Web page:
At any time, you can look at what’s going on in the bleeding edge, and make reasonable predictions about what everyone else will be doing in 5 years. That’s what makes it a leading indicator. In the case of technology, this is because technology’s main purpose is to enable or automate other functions. Text messaging itself isn’t so crucial, but the ad-hoc coordination between people that it enables transforms communities.
The Pushback: Reality as a Lagging Indicator
Reality is a funny thing. You can’t change it, but you can defer it. Financial bubbles represent situations where the business community is doing something that in aggregate doesn’t make any sense. And it works! But only for a while.
You can bend the fabric of reality, but it has a tendency to snap back at an inconvenient moment.
The ability to defer reality is what makes it usually a lagging indicator. If see someone using a technology and it doesn’t make sense or work well, that probably isn’t enough to stop its adoption because of all of the pull factors that are at play. Reality will take over, but it appears late in the game.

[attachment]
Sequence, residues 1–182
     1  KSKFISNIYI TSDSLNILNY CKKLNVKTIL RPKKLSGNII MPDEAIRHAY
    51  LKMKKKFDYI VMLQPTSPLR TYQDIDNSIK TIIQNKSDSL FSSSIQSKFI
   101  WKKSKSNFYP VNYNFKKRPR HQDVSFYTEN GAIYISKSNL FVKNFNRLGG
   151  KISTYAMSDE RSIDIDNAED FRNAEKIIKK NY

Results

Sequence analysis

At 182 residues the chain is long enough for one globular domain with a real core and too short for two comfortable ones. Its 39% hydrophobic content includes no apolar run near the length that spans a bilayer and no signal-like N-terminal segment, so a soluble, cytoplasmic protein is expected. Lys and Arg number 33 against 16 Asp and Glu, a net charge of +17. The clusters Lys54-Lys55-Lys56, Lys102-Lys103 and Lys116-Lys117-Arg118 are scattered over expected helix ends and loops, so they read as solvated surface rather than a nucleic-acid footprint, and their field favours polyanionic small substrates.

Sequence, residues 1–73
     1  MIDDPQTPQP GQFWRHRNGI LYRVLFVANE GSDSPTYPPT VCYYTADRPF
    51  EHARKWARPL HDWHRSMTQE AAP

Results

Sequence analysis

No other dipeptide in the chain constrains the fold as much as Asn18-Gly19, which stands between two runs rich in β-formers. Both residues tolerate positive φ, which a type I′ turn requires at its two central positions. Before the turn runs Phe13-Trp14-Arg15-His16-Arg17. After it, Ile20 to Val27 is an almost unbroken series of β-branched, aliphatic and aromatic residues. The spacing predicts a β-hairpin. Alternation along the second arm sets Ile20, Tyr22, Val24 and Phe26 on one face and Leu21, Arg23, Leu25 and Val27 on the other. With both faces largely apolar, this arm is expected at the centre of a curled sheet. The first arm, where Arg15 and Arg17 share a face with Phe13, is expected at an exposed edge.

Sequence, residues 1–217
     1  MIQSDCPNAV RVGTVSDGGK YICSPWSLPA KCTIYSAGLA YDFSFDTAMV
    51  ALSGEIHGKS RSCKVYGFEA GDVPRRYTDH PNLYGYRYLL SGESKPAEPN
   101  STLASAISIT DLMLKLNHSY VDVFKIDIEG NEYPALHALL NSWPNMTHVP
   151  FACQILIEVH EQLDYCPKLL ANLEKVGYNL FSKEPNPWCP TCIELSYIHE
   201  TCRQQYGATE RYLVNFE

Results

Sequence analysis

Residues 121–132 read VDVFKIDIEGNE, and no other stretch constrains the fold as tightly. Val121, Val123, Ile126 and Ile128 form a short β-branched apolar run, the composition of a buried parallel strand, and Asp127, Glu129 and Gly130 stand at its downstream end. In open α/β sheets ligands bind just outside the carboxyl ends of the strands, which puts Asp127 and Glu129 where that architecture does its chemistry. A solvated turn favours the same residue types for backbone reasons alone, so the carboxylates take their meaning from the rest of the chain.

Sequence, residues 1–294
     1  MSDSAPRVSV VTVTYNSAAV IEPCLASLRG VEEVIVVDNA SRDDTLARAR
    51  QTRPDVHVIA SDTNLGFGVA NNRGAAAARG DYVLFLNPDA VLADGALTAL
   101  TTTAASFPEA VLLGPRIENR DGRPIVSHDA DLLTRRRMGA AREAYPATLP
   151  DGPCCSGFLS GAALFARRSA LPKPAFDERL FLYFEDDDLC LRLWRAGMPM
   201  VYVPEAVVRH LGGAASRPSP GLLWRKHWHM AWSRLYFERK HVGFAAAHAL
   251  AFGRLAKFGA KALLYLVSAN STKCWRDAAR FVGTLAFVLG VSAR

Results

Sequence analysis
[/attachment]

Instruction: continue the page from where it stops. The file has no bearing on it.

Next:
Enthusiasm and excessive “push” for a technology always runs into the “pull” factor of reality. A technology either works at the end of the day or it doesn’t, and there can be no faking it in the long run. The mechanism for why this will always take over in the end is simple: if it doesn’t work, truly, someone suffers some pain, and stops using the technology to avoid that pain. Or there will be a ready substitute that they’ll use, when they no longer care about missing out on the hot new thing. The pull factors we discussed above are also extremely hard to maintain over a multi-year timeframe, so the pull factors naturally tend to decay, allowing the “push” of reality to catch up.
Slope of Enlightenment
Reality doesn’t kill good ideas, it just tempers and hones them. Nine times out of ten, reality is that the new technology isn’t the greatest thing since sliced bread, but has a useful niche application where it can serve people well, and the Segway is a demonstration of that. What makes the Segway so stark of an example is the massive difference in size between it’s actual proper niche, and the peak of inflated expectations.
In the end, the overall story of the hype cycle is not one of doom and gloom, and crushed expectations. It’s rather a story of experimentation, and niche-finding for new technologies. It’s a rather beautiful repeating human pattern of how we take new things and incorporate them into our societies in a way that is most effective.